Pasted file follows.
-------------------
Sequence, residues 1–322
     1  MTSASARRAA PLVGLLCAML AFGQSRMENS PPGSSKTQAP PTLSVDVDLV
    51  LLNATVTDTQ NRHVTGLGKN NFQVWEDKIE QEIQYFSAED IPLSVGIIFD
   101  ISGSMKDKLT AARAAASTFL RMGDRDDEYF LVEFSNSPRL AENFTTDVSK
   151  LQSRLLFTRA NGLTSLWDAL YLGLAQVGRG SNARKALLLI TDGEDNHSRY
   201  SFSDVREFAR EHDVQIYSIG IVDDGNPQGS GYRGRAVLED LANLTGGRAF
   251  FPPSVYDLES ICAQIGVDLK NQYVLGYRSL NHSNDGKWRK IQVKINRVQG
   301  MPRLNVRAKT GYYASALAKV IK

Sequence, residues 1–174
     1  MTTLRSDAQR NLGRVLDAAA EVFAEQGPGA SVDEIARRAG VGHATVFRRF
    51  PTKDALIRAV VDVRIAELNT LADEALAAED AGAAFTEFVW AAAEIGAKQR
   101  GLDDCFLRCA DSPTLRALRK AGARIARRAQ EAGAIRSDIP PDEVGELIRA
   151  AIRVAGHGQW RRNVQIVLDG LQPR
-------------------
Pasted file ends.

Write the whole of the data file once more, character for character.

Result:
Sequence, residues 1–322
     1  MTSASARRAA PLVGLLCAML AFGQSRMENS PPGSSKTQAP PTLSVDVDLV
    51  LLNATVTDTQ NRHVTGLGKN NFQVWEDKIE QEIQYFSAED IPLSVGIIFD
   101  ISGSMKDKLT AARAAASTFL RMGDRDDEYF LVEFSNSPRL AENFTTDVSK
   151  LQSRLLFTRA NGLTSLWDAL YLGLAQVGRG SNARKALLLI TDGEDNHSRY
   201  SFSDVREFAR EHDVQIYSIG IVDDGNPQGS GYRGRAVLED LANLTGGRAF
   251  FPPSVYDLES ICAQIGVDLK NQYVLGYRSL NHSNDGKWRK IQVKINRVQG
   301  MPRLNVRAKT GYYASALAKV IK

Sequence, residues 1–174
     1  MTTLRSDAQR NLGRVLDAAA EVFAEQGPGA SVDEIARRAG VGHATVFRRF
    51  PTKDALIRAV VDVRIAELNT LADEALAAED AGAAFTEFVW AAAEIGAKQR
   101  GLDDCFLRCA DSPTLRALRK AGARIARRAQ EAGAIRSDIP PDEVGELIRA
   151  AIRVAGHGQW RRNVQIVLDG LQPR